In order to remove the dirt, I used a dry paper towel, to dust most of it off. Then I took a craft knife and scraped all the outer skin off. I had to apply some pressure to the blade in order to get the outer skin to peel, flake, or curl off. I would say there is a Goldilocks zone in between “not peeling the skin off” and “cutting into the gourd”, which is different for every gourd, so just be aware of that. I would not recommend using coarse grit sandpaper for this, as it can add some undesirable texture.

Try to get all the outer skin off, but there might be some missed spots. You can spend as long or as short as you would like on this phase, depending on how particular you are. It took me a couple hours to complete mine. There will still be some natural discolorations on the shell, and some of this is just from the pattern of colors the gourd once had, and some of these are from small nicks the gourd healed while it was on the vine. Most of these you won’t be able to remove, but that’s alright.

Step 2: Cut Hole, and Clean Out

At this point, you will have to cut your first hole in the gourd. This hole will help you clean it out, and be where you put your bulb in. If you plan to cut a hole in the top part, go to part 1A. If you plan to cut your hole in the bottom, or on the side, go to part 1B.

1A. I cut the top off of my gourd using a jewelers hacksaw. Its best to use a pencil to draw a guide-line before you start sawing, in order to make your cut straight. I found it easiest to have someone else hold the gourd to stabilize it as I worked. I didn’t want to crack the gourd, or compromise its structure, so every time I felt my saw get stuck, I would carefully re-set it, and pull back and forth. You don’t want to put too much pressure on the gourd with the saw, just pull it back and forth, untill you’ve made it all the way through. Then use heavy grit sandpaper to make smooth down any rough spots.

1B. For cutting a hole in the bottom, first draw a circle on the bottom with a compass. Then use a craft knife, first cutting a triangle (approx. 1 cm by 1 cm) inside the circle you drew. Cut from one of the triangles points, to the circle, then cut out the circle, stopping if you have to, to take out a partial piece from the circle. Once you have the hole completely carved out, you can use some sandpaper to smooth the edge down.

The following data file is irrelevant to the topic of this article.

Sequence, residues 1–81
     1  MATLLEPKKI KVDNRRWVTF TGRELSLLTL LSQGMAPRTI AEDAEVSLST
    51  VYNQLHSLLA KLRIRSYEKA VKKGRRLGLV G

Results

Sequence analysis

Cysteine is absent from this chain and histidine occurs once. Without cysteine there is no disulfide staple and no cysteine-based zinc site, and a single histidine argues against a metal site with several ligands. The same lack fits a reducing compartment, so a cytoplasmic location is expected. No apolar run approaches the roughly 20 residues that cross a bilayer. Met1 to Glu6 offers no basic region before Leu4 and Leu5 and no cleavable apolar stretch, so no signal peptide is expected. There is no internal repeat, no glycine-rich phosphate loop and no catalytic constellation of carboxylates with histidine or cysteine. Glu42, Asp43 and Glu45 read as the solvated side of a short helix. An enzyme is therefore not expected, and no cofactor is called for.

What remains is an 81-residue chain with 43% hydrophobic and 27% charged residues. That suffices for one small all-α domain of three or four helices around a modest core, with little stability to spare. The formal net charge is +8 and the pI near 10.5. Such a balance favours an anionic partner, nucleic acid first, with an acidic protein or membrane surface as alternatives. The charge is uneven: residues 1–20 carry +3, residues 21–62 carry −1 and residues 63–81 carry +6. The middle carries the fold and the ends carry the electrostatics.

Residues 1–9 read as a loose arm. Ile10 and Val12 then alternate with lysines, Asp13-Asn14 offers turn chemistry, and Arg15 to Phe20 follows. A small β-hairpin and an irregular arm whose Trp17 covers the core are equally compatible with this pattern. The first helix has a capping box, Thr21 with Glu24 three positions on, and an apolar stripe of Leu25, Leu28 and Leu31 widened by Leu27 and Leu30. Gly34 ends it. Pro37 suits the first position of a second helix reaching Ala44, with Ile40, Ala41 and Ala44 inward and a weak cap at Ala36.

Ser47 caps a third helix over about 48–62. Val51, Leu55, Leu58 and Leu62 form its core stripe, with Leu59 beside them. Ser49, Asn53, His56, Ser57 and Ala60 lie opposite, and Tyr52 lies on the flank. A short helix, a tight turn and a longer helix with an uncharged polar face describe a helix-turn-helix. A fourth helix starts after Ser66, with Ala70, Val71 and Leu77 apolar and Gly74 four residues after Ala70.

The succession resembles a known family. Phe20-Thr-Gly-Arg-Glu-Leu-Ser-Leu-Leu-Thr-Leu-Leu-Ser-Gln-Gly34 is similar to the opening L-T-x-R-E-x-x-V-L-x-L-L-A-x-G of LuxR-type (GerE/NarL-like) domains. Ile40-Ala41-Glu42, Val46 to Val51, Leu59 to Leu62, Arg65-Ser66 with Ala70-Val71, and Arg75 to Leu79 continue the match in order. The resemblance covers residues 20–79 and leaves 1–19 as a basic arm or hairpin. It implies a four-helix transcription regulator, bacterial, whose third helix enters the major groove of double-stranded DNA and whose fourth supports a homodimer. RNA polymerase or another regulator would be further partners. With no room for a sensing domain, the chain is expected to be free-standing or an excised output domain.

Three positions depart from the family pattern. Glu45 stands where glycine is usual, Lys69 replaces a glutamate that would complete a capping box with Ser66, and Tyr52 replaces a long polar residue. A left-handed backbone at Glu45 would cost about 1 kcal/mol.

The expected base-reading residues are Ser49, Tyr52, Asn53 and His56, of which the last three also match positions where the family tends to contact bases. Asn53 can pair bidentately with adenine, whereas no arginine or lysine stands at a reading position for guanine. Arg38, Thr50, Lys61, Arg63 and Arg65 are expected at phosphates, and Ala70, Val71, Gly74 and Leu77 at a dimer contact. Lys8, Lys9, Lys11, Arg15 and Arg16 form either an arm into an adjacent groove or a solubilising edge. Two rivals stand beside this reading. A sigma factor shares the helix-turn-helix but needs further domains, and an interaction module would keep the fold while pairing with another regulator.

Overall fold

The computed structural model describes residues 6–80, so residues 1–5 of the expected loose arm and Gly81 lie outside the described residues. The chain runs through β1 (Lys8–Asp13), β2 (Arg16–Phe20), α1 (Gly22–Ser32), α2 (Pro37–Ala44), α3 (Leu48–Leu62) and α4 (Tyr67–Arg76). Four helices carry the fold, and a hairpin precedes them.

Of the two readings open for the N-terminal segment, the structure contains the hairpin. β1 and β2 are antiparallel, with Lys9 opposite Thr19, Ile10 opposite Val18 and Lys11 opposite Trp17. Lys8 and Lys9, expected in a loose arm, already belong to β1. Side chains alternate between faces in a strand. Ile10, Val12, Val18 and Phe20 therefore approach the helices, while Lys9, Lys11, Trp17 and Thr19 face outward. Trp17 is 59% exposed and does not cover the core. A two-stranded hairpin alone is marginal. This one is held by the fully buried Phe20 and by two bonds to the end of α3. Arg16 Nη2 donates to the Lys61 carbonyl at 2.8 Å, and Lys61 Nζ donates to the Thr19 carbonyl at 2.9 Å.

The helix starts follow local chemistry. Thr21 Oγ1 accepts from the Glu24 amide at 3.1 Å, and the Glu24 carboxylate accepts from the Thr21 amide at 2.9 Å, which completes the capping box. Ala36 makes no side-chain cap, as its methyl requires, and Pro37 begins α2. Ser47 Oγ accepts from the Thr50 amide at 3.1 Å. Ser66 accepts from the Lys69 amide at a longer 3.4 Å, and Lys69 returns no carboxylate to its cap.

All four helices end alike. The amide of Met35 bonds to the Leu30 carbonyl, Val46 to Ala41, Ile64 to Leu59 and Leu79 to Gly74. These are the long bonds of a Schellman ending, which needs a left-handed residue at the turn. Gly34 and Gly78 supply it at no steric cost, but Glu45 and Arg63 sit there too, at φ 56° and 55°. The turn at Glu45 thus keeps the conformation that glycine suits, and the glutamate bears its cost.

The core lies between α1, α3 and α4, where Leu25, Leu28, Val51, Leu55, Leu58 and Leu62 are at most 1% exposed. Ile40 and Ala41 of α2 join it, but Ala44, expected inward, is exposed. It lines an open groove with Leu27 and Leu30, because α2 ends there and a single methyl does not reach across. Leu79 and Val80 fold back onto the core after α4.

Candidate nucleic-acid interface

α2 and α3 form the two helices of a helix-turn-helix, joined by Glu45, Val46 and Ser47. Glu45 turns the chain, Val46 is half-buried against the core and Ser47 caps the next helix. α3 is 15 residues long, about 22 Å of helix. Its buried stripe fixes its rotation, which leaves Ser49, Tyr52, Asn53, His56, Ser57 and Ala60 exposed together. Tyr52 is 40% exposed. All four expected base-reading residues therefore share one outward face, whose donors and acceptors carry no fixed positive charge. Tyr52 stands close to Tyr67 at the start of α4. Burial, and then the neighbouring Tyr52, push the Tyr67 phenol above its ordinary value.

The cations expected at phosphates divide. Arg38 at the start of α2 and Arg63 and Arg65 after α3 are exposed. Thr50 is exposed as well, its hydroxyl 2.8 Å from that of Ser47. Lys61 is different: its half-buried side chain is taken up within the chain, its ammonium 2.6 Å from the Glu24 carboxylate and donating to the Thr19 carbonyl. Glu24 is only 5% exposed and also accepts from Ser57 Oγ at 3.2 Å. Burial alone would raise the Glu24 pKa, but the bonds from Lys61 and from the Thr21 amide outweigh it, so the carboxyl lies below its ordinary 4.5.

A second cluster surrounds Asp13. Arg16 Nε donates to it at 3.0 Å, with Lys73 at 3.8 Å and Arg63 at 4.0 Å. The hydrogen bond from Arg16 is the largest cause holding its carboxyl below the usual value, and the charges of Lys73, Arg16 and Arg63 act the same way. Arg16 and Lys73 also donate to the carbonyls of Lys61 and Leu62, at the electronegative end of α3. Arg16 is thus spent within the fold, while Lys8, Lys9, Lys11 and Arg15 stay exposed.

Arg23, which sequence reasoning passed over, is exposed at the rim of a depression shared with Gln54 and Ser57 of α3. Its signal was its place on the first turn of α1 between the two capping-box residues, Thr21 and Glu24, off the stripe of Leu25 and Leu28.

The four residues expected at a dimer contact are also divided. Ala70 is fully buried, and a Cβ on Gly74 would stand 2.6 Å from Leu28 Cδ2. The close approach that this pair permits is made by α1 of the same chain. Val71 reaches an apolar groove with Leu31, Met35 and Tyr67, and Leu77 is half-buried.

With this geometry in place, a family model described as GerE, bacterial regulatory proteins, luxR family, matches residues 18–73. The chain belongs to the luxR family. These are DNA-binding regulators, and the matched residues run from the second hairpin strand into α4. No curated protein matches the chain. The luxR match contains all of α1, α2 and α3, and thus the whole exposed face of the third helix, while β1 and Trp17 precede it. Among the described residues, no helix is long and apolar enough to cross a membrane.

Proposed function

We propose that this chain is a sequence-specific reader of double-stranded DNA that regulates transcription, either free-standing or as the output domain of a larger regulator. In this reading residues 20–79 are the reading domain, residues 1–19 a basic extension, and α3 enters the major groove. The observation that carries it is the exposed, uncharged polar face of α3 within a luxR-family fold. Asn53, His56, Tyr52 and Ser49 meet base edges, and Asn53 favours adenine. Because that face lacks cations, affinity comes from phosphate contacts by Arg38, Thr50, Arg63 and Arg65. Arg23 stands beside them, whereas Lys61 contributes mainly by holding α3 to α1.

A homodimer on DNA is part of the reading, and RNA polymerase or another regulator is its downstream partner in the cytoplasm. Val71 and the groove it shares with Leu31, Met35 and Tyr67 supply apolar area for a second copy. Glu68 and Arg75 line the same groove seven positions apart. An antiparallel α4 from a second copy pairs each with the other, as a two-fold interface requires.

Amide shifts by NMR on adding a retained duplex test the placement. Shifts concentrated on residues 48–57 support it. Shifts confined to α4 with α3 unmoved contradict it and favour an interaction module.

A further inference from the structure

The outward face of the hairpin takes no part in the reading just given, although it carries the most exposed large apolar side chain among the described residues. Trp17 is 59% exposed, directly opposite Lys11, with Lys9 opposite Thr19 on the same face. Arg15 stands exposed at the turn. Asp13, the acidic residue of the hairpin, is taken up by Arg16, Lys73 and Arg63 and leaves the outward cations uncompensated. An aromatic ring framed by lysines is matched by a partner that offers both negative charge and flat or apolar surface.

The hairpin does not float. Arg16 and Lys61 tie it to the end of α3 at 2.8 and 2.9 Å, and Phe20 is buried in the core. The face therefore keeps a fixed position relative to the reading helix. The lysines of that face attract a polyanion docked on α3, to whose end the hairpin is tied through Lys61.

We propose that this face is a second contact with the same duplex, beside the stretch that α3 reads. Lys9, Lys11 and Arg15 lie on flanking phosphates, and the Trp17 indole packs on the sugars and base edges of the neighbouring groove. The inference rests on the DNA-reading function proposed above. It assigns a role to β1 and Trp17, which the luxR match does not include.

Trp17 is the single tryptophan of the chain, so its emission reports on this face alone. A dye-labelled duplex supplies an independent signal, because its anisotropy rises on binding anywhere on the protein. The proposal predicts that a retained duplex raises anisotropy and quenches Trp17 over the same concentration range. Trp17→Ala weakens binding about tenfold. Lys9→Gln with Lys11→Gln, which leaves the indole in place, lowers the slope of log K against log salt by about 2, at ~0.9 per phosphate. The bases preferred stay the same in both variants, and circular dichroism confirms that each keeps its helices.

The next step is the same for both. You have to make sure your lightbulb fits in your gourd hole. Following that, use a semi-stiff bristle brush, like a bottle cleaner, and scrape all the inside stuff out. You’ll end up with a bunch of seeds and dried gourd fruit. Once the inside is cleared out to your liking, you can move onto Step 3.

Step 3: Design and Carve

Once your gourd is cleaned, it’s ready for your creative genius. You can either draw your whole design on ahead of time, draw while you go, or you can skip it altogether. I chose the “draw as you go”. Next, it’s all about lots of precise cuts with the craft knife and holes of various sizes with the awl. Sometimes I found it easier to make a “pilot” triangle with the knife and then widen it with the awl. At this point and forward, you don’t want to get your gourd too damp, as it absorbs water and your hole shapes may warp. Two other helpful things to note—if it looks like the piece between two holes will break if you widen one of them, it probably will, and when cutting out intricate designs, try to anticipate where the shape could break, and be especially careful, or change your design.

Once you’re happy with your design, we can head down to Step 4! I’m so excited!


This is the step when you get to expand your creativity even more, and incorporate other mediums into your gourd art lamp. Here’s the order I would go in for each of these optional additions:

  • If you want to stain, dye, or paint it, I would do this first. Follow the directions on the dye or stain closely, because each one is different. If you are painting, make sure it’s a paint that will stick to the gourd without chipping or peeling right off.
  • If you have beads that you want to glue in the different holes, now’s the time to do so. I have never tried it, but you could also wire wrap some of the beads throughout your design instead of using glue or epoxy. There are special beads without holes out there, and they can be purchased online for this very thing, if you decide that’s something you want.
  • Wait to sew or glue Japanese rice paper until the after the last step, if that is what you have decided.
  • Make sure your epoxy, glue, stain, paint, or dye has cured then it’s on to the next step!!

Step 5: Varnish and Finish

This is as straightforward as it sounds. Simply coat the outside of your carved and decorated gourd with mod podge (or something ^_^) and let it cure. Then you put your gourd on the light (I’ve included some of my examples) and enjoy it. I really hope this instructable has been as wonderful as I imaged. Please, ask whatever questions you’d like below, and I will try to answer as best I can with what I know. I’m certainly not an expert, but what little experience I have, I’d like to share. Make sure to upload pictures here if you decide to make one for yourself!